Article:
There are tons of hints that your partner is unhappy, Tina B. Tessina, aka Dr. Romance, psychotherapist and author of Love Styles: How to Celebrate Your Differences , tells Bustle. If they're constantly checking their phone instead of giving you their undivided attention, that is no good. Not paying attention during the conversation is a definite sign, she says, along with disinterest in being together irritability. If you try to broach the subject and they don't want to discuss it, that can be another sign.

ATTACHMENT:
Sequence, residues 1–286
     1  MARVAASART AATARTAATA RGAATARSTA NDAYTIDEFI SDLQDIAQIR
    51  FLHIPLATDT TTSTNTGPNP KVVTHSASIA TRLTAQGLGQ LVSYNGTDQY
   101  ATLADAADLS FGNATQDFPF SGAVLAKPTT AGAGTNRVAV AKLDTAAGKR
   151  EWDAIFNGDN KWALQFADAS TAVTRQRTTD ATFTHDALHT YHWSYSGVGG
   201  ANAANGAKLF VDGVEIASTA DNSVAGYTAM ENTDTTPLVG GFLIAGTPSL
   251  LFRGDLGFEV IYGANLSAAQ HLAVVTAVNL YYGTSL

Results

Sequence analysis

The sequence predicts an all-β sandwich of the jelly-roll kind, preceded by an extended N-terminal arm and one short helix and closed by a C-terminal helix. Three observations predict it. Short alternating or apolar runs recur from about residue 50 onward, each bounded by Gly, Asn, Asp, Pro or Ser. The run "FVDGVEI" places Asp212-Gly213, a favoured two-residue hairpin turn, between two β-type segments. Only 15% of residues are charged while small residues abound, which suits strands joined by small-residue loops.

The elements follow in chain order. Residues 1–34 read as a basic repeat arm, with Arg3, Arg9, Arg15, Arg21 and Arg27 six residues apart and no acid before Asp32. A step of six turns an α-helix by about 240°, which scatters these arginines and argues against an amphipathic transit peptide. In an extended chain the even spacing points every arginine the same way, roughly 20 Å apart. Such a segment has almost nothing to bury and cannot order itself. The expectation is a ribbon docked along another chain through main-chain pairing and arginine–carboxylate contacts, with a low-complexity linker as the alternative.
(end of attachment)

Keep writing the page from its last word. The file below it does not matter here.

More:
I’m sorry. I did misunderstand. I thought it was three exwives. I know you pain…I just gave up on my husband love more than life today. Our spouses have OCPD obsessive Compulsive Personalty Disorder which is not the same as OCD. Read about it. It was not till I read about it that I understood. I can do nothing right…I never have. I make twice his salary and take care of monetary things more so than he does. He bitched, groans,complains, cuts be down, I can do nothing right, clean nothing right, he dominates every minute of my time when he is here and when he isn’t here. Leaves me lists of work to do to keep me busy on my off days and I work 50 hours per week…I’m exhausted with him and it’s taking scroll on my health. The rants, fits and rage…I just can’t take…I gave up today and told him I wanted a divorce..I just wanna die